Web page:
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Coronavirus Now Linked To Possible Brain Damage

The more we continue to learn about the novel coronavirus, the more grim the situation becomes. British researchers are now warning that the rapidly spreading virus could cause a wave of brain damage in infected patients.

In a new study released on Wednesday, experts at the University College London (UCL) confirmed that Covid-19 could lead to deadly neurological complications including stroke, nerve damage, and potentially fatal brain inflammation even in patients who didn’t show severe respiratory symptoms associated with the virus, though follow-up studies are required to understand the potential long-term neurological consequences of the pandemic, according to the experts.

“Given that the disease has only been around for a matter of months, we might not yet know what long-term damage Covid-19 can cause,” said joint first author Dr. Ross Paterson in the press release. “Doctors need to be aware of possible neurological effects, as early diagnosis can improve patient outcomes.”

The study, which was published in the journal Brain, examined 43 patients being treated at University College London Hospitals for either confirmed or suspected coronavirus, from April to May. The patients ranged fromages 16 to 85, with each showing symptoms ranging from mild to severe. Shockingly, among these patients, researchers discovered 10 cases of “temporary brain dysfunction” and delirium, 12 cases of brain inflammation, eight cases of strokes and another eight cases of nerve damage.

The majority of the patients who displayed brain inflammation were diagnosed with a rare and potentially deadly condition known as Acute disseminated encephalomyelitis (ADEM). Prior to the coronavirus pandemic, the research team in London would come across approximately one ADEM case per month. However, during the duration of the study, the number increased to at least one a week.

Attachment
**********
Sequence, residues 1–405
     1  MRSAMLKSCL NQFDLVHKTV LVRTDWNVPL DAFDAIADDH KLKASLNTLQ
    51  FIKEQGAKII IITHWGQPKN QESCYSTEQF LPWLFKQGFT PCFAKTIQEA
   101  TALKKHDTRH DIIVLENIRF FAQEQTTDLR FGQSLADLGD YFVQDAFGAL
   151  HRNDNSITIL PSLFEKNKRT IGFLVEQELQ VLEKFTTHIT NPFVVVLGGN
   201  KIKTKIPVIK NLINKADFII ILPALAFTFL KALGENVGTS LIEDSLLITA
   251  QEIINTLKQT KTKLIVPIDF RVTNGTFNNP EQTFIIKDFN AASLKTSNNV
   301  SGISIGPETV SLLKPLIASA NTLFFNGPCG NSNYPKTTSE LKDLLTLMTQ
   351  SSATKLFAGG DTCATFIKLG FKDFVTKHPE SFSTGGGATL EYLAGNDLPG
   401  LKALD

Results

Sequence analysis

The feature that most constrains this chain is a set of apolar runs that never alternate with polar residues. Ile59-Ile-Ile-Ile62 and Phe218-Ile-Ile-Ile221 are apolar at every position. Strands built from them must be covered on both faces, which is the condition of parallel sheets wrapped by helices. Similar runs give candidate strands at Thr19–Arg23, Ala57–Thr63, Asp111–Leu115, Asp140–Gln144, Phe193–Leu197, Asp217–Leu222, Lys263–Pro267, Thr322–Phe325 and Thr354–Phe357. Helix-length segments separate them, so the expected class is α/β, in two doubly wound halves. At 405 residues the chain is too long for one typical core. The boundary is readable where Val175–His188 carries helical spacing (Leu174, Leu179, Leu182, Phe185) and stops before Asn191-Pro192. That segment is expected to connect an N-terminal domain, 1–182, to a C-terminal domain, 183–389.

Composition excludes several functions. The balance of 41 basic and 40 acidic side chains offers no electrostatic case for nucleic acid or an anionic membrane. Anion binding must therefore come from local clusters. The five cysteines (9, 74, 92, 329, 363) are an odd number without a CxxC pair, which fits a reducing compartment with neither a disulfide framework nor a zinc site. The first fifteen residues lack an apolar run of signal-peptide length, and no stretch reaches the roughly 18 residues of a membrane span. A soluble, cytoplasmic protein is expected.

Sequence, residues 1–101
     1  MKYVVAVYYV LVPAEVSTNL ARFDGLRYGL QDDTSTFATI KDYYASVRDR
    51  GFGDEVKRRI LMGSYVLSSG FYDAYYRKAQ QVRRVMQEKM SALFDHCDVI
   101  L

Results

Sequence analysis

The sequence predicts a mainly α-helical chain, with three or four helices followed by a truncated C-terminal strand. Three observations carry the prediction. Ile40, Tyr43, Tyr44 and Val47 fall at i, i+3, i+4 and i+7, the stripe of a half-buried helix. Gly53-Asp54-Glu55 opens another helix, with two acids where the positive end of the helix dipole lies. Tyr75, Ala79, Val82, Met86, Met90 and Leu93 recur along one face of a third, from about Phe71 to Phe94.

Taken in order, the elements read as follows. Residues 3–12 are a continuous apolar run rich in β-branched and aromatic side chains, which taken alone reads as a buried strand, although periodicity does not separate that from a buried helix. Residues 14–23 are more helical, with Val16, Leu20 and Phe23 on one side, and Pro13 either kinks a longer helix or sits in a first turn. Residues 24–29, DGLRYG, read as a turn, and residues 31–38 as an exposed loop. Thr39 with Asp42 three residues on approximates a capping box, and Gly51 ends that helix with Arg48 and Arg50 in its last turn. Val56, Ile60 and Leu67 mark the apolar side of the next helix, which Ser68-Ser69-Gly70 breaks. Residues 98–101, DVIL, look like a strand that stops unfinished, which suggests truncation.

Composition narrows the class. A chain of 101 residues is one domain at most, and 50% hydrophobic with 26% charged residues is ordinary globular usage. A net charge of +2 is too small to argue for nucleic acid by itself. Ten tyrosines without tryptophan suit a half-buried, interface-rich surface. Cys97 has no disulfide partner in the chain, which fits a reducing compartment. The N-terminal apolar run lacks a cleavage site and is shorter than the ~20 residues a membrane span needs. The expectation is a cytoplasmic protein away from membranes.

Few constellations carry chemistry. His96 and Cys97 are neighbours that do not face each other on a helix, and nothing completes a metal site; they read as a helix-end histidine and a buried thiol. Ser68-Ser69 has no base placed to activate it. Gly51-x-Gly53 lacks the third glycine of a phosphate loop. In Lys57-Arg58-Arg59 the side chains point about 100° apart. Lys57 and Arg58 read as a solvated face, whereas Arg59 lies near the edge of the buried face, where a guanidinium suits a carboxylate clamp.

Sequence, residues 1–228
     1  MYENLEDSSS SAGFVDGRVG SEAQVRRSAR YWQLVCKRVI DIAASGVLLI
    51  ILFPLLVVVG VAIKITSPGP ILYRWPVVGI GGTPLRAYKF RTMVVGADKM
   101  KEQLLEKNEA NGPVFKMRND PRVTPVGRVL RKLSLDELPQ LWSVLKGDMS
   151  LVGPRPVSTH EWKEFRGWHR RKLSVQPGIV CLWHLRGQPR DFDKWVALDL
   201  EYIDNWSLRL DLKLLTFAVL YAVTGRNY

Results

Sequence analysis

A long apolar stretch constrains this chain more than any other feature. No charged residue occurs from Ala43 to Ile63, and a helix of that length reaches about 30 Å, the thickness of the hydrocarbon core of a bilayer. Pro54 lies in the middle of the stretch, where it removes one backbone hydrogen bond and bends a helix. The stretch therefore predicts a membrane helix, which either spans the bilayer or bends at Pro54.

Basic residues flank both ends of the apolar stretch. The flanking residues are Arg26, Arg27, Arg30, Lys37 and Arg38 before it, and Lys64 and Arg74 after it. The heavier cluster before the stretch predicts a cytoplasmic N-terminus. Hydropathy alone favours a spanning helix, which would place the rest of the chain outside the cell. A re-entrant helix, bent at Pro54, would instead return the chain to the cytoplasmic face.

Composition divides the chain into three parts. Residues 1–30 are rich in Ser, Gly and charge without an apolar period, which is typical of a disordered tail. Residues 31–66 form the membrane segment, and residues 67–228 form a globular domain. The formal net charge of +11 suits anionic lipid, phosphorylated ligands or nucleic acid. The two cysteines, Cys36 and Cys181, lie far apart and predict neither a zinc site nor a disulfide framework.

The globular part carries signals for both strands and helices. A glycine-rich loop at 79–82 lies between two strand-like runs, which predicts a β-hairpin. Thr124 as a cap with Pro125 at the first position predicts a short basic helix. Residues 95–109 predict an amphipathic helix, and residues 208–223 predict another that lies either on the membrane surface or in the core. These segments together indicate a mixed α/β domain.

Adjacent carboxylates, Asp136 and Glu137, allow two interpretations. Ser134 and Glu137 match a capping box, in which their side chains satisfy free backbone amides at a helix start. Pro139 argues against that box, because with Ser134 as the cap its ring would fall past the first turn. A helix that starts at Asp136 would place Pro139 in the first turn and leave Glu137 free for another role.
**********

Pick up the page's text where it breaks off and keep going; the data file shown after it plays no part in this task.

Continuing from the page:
One woman experienced hallucinations of lions and monkeys in her home while others reported having numbness in their limbs or face, double vision, and disorientation. One of the patients in the most severe condition was barely conscious, able to respond only when in pain.

“We should be vigilant and look out for these complications in people who have had Covid-19,” said joint senior author Dr. Michael Zandi in a UCL press release.

Researchers are left scrambling to figure out why exactly Covid-19 patients are developing brain complications. To further the mystery, the virus which causes Covid-19 was not found in the patient’s brain fluid. This means that the virus does not appear to directly attack the brain. One theory is that the complications are indirectly triggered by an immune response from the patient’s body as opposed to the virus itself.

For those patients who aren’t exhibiting severe respiratory symptoms such as trouble with breathing, it may prove difficult to identify and treat the brain complications early enough to prevent damage. And for patients who are critically ill, their precarious health may limit how much doctors can do to investigate possible damage to their brain.

Dr. David Strain of the University of Exeter Medical School, who was not part of the study, called the findings “not surprising” given previous coronavirus cases and the fact that researchers knew very little about the disease upon it’s insurgence.

“The main limitation is that we don’t know what the denominator so we don’t know how frequently these complications arise. We’ve already seen that some people with Covid-19 may need a long rehabilitation period — both physical rehabilitation such as exercise, and brain rehabilitation. We need to understand more about the impact of this infection on the brain.”

Coronavirus increase
istock

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